Has the libertarian moment finally arrived? Robert Draper asks that question in the Sunday New York Times Magazine. His answer: Yes! Young voters are leaning libertarian, he says, and a Rand Paul presidential candidacy could energize those voters for the GOP.
Spoiler alert: Draper’s wrong, emphatically wrong. Young voters are not libertarian, nor even trending libertarian. Neither, for that matter, are older voters. The “libertarian moment” is not an event in American culture. It’s a phase in internal Republican Party factionalism. Libertarianism is not pushing Republicans forward to a more electable future. It’s pushing them sideways to the extremist margins.
Every serious study of the political attitudes of voters under 30 has discovered them to be the most pro-government age group since the cohort that directly experienced the Great Depression. Young voters are more likely than their elders to believe that government should intervene in the economy to create jobs. They support government aid to education and healthcare more than any other age group. Their voting behavior tracks their values: Under-30s massively voted for Barack Obama in 2008 and 2012.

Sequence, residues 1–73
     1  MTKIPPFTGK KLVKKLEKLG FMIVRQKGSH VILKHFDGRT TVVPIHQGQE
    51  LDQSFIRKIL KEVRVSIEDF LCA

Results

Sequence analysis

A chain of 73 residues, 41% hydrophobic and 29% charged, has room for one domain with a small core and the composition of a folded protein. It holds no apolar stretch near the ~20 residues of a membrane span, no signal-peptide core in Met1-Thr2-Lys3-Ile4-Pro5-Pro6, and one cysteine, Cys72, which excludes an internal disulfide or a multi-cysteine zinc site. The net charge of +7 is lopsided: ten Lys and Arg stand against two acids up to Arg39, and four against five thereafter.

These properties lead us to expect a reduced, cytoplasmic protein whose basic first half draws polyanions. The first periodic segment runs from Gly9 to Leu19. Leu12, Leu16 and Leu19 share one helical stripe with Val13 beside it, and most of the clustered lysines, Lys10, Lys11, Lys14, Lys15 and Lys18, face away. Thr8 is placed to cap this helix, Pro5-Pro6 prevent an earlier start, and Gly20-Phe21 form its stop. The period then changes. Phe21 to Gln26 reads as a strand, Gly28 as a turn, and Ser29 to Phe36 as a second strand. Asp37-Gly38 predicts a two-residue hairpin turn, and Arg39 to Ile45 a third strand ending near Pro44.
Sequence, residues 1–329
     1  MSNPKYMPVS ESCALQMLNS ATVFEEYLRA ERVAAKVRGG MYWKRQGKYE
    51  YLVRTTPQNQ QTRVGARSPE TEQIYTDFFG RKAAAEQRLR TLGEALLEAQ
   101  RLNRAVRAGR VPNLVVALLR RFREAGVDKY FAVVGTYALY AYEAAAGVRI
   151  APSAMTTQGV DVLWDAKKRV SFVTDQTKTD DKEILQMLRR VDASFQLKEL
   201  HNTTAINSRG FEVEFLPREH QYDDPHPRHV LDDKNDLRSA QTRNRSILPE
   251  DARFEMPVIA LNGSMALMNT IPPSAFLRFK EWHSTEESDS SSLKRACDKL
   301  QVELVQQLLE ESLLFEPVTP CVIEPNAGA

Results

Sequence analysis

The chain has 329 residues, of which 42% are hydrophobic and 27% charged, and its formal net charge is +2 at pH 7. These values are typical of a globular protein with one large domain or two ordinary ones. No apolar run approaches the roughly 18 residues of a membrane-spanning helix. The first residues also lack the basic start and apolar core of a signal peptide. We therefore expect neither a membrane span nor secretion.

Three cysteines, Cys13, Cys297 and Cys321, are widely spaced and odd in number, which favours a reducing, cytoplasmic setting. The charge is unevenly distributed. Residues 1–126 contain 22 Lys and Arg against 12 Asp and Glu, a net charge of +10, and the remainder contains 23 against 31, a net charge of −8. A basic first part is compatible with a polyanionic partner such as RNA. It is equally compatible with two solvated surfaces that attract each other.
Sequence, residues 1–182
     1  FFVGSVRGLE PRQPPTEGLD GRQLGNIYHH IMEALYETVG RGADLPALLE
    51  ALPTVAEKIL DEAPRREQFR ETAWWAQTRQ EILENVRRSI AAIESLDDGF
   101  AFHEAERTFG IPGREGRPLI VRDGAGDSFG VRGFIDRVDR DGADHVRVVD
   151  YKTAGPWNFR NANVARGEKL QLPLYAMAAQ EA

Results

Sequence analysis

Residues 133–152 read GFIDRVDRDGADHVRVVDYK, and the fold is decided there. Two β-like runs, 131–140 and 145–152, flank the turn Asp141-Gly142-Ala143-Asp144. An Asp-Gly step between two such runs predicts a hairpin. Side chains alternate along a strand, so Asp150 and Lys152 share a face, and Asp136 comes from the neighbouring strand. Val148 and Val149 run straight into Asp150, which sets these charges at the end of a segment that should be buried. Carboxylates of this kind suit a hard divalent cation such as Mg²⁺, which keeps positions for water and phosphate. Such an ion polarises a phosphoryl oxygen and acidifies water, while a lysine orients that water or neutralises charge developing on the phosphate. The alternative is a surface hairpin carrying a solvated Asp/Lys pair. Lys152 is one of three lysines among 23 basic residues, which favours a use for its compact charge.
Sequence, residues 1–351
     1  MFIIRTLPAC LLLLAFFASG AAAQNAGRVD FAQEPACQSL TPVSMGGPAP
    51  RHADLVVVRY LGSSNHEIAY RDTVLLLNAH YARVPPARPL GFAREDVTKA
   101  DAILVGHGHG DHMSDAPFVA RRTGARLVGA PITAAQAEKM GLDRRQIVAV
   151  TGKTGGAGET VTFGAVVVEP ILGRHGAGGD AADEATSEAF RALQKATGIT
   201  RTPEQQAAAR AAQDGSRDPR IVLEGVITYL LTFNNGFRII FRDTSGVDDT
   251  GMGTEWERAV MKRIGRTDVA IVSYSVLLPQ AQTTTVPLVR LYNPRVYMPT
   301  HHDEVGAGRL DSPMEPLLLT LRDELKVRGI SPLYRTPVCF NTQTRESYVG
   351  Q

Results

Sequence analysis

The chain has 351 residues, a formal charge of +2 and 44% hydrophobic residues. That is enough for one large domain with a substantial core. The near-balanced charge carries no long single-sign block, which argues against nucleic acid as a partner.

It’s demography that explains the shift in ideology.
Nonwhite voters favor government intervention in the economy much more than white voters do. That’s true at every age, both over-60 and under-30. But there are many more nonwhites among under-30s than among over-60s, so their preferences exert more sway over the group as a whole.